Acoustic Foam Panels

(1 customer review)

$475.00$575.00

Tired of working with dead sounding foam? Want your vocals and music to shine without losing their emotion and energy? Then our unique Acoustic Panels are for you. You get:

  • More absorption below 250 Hz. than standard foams. The panels absorb 30% at 125 Hz., 63% at 250 Hz. and 100% at 500 Hz.
  • A smoother absorption curve from 125 Hz. – 6,300 Hz. than any other foam on the market. This range is the heart of your vocal and music frequencies.
  • A technology that manages side wall reflections so you can hear the direct sound from your sources and not the reflected energy of your room.
  • Each panel measures 27″W x 57″H and either 4″ or 3″ in depth depending on your preference.
  • A foam that lets your vocals and middle range instruments pop.

These units have special handling and shipping requirements, due to their weight and size. Please call us on 520-392-9486 or click HERE to contact us so we can assist you further.

  • Wood
  • 3"
  • 4"
Clear

Additional information

Weight25 lbs
Dimensions27 × 57 × 3 in
Finish

,

Size

3", 4"

1 review for Acoustic Foam Panels

  1. Javier Weyler

    My name is Javier Weyler, I’m originally a drummer. I’ve been a drummer over 25, 26 years of my life. I’m also a Sound Engineer and Producer. I’ve been in engineering for 14 to 15, years now since I’ve been in London.

    I have tried several foam products before, and the biggest difference I will say I heard actually with Acoustic Fields was for some reason the whole mid range and high ranges of the whole frequency, was much tighter and defined. The whole mix in general is like everything sunk into place a bit better than without any acoustic treatment whatsoever. That was the first impression I got from it. And then from a physical point of view, as soon as I started managing the material, I noticed the density of the foam is different than the ones I’ve tried in the past.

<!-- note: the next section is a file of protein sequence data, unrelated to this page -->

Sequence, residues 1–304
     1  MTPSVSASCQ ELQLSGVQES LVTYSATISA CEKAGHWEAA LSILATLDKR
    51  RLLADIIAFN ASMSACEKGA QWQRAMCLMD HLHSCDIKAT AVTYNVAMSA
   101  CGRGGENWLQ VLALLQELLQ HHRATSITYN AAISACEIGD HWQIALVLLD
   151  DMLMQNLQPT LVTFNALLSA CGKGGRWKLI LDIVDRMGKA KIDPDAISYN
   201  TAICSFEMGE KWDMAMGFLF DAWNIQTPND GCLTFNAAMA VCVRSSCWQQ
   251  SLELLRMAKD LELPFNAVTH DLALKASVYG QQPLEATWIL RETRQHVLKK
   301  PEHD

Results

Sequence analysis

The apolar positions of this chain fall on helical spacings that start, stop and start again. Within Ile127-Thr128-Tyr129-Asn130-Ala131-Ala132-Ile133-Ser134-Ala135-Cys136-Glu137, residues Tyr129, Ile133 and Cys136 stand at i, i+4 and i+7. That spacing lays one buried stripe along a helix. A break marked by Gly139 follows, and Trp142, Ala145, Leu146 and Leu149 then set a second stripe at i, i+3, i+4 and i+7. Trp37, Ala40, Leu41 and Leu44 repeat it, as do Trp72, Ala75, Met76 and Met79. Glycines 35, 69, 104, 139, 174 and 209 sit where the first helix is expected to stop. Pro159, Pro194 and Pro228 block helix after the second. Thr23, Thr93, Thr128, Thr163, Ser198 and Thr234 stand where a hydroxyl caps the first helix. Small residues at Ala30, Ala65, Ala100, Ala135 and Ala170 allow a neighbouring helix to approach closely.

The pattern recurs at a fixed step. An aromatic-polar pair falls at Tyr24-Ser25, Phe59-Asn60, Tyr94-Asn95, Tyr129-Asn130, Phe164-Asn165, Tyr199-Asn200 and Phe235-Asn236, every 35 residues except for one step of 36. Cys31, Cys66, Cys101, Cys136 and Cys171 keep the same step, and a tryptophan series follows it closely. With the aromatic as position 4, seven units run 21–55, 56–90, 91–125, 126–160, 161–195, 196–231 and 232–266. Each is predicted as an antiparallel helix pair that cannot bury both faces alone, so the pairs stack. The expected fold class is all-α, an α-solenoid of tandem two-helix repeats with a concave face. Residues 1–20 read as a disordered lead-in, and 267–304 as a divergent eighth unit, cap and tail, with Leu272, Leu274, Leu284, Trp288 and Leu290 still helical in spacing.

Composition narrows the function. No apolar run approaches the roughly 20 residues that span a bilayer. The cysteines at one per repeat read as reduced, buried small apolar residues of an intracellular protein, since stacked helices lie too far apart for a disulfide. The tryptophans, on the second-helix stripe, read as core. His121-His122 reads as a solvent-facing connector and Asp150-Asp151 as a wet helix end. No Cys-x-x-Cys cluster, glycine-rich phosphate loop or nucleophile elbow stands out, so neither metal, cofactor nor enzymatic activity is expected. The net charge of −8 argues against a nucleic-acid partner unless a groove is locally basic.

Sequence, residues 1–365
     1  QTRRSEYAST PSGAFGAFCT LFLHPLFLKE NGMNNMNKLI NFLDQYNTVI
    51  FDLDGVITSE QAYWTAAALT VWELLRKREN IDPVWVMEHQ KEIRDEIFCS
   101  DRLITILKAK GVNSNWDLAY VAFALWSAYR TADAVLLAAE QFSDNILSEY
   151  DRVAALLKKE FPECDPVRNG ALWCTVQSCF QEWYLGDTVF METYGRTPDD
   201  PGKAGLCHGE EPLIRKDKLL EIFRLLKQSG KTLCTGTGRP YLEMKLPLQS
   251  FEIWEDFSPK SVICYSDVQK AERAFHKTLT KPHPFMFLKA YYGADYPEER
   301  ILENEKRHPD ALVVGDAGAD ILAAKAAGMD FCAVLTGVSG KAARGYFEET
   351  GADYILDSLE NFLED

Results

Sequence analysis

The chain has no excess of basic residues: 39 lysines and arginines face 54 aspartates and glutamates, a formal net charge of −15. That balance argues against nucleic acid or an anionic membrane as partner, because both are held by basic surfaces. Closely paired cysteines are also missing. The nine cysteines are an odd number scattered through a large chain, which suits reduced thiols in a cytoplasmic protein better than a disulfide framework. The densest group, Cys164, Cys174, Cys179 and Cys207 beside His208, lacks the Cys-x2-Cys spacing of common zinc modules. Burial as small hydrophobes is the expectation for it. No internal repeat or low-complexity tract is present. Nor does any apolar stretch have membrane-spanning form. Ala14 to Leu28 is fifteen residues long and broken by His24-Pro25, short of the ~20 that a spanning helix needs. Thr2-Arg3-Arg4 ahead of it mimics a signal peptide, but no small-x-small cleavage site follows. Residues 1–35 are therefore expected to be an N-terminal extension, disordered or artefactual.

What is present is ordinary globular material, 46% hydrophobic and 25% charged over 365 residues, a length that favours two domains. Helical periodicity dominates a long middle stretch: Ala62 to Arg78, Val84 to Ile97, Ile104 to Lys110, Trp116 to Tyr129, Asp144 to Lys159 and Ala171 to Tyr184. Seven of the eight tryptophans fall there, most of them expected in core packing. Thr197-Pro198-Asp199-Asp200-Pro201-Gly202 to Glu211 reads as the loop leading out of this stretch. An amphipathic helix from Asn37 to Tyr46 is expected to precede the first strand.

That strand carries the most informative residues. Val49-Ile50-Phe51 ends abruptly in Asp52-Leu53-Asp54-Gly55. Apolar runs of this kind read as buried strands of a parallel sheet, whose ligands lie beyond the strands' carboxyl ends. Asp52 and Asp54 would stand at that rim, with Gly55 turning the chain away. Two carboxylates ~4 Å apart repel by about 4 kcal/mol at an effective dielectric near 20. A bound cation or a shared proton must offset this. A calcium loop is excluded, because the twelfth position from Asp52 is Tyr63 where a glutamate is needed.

Biggest difference I felt, not only in vocals but other instruments as well like drums and so on, it makes the room sound much more natural, and for instance, a vocal tends to sit better, at least you get I will say, perhaps sits better on the track, but perhaps your whole mix just becomes clearer and there’s more definition with the different instruments and different frequencies, helps a producer to get your mix sounding right because you have a better knowledge where things are basically.

    The frequency response becomes more natural. I think you tune in the room much easier than with other products I used in the past. Everything becomes a bit more clearer and natural, really. Obviously there’s not a single space that is a perfect scenario to listen to music, yes you can have an amazing studio, but once you actually listen to the music at home like everyone does, it’s always going to be different. Products like this make it much easier to enjoy the music, and actually appreciate it for what it is better without having to get too technical about it.

    I have used the Acoustic Fields foam for 2 things, for the monitoring section in the control room, which is all around the console and the back of the speakers and so on, and that made a huge impact on the mixes. Everything became clearer and tighter and more controlled, and then also I’ve been using the foam for other things as well in the recording environment. Around the drum kits, especially where you have a lot of loud frequencies bouncing off walls and so on. It helps you control and make the room so much more natural than usual.